Former F-15 crew chief to fly the Eagle

  • Published
  • By David Poe
  • 71st Flying Training Wing Public Affairs

VANCE AIR FORCE BASE, Okla. – Dear Tommy... When you grow up, do not forget to keep working hard to be a fighter pilot... signed, Tommy.

Nineteen years ago, a five-year-old Tom Fitzgerald wrote that note to himself as part of a class assignment at Shalimar Elementary School in Shalimar, Florida.

Two decades later, now 2nd Lt. Tom Fitzgerald, is a member of the California Air National Guard and a graduate of Specialized Undergraduate Pilot Training Class 16-08 at Vance Air Force Base, Oklahoma.

He was one of four graduates selected for follow-on training in a fighter aircraft. Fitzgerald, a former enlisted crew chief, will now fly the aircraft he used to maintain – the F-15C Eagle.

Five-year-old Tommy would be proud.

Fitzgerald arrived at Vance in March 2015 and spent more than a year flying the T-6 Texan II and the T-38 Talon. He made the grade and returned to his Guard unit for upgrade training in the F-15C.

Fitzgerald’s journey didn’t go straight from his elementary school class to the cockpit of the F-15C, yet it seemed as if he was always pointed in that direction. It started with a goal and a role model who he still admires today – his father.

“I remember living under the flight path at Eglin Air Force Base, (Florida),” he said, “and playing ball with my dad and enjoying seeing the planes. I wanted to be up there.”

At one time, his dad, Robert Fitzgerald, wanted to be “up there” as well. A former enlisted Airman, Robert commissioned and brought his young family to suburban Phoenix and the now-defunct Williams Air Force Base for pilot training in the early 1990s.

Fitzgerald said his father has helped his sons strive toward their goals, no matter what they may have been. “Thinking back, if I had wanted to do something else my father would have said, ‘OK, how are we going to go about that? How are we going to manage our time in order to practice more?’”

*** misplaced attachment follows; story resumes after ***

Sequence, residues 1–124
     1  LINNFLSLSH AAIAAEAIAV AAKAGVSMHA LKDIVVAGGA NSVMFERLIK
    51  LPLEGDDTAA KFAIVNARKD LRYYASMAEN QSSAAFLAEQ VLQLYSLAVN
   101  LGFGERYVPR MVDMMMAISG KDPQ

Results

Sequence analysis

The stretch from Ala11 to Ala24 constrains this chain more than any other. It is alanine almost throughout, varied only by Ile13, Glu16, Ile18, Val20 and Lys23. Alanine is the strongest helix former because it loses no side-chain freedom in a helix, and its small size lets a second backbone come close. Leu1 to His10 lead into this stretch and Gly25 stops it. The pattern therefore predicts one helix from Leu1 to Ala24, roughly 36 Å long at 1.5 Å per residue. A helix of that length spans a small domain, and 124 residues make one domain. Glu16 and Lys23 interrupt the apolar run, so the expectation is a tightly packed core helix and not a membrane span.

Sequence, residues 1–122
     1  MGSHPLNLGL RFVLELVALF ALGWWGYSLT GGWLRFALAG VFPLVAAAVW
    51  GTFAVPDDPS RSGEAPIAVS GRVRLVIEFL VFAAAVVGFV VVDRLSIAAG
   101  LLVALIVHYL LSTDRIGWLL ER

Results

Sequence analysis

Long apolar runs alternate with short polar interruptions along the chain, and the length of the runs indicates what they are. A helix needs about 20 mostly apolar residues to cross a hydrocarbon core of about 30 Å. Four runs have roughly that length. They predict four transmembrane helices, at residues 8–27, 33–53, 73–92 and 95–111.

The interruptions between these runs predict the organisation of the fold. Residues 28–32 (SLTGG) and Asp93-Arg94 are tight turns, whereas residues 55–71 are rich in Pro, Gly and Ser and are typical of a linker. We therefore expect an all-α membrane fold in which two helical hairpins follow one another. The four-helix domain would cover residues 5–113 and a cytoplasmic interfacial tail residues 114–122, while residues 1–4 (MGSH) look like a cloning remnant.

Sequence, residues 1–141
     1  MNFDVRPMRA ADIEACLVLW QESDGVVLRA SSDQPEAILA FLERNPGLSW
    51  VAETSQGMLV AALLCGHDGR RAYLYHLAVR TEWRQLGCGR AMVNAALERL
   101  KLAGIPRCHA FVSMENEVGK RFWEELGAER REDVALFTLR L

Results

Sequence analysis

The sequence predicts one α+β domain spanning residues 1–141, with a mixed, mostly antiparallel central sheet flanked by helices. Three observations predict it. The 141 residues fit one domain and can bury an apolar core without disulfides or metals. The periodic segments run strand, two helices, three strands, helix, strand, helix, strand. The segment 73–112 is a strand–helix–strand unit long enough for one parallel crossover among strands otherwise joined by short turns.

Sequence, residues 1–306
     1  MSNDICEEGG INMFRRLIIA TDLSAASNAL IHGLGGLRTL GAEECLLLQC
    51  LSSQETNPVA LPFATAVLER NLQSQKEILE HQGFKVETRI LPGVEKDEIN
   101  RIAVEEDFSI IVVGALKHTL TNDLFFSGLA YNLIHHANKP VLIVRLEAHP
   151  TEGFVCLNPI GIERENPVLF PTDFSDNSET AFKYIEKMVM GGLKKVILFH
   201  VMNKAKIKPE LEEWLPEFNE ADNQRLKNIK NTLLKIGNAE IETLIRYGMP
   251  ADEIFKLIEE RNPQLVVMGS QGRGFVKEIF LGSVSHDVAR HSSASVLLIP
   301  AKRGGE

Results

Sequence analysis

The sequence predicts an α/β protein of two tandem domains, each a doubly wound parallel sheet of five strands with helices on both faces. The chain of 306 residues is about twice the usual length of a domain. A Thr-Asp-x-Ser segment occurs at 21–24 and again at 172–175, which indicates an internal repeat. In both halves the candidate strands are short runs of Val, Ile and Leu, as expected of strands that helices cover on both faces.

With discipline a large part of his upbringing, Fitzgerald said being his father’s son wasn’t always easy, but Robert did a good job as both a no-nonsense pilot and an understanding parent.

“I’d say he was definitely able to be a pilot and a dad – he was good at it,” Fitzgerald said. “He helped raise two doctors and a potential fighter pilot.”

“He was very thoughtful in helping and guiding us toward our goals.” Fitzgerald’s oldest brother is a dentist in Virginia and his older brother just graduated from the University of Florida’s school of dentistry.

Fitzgerald took an untraditional path to becoming a military aviator. Instead of an ROTC program, he enlisted in the Florida Air National Guard, which, although he may not have fully realized it at the time, primed him for what he feels now is more effective leadership capabilities and more distinct “officership” awareness.

“There are a lot of people who get to lead after going through ROTC or graduating the (U.S. Air Force) Academy. But having been in the shoes of your enlisted personnel helps you understand what they're going through,” he said.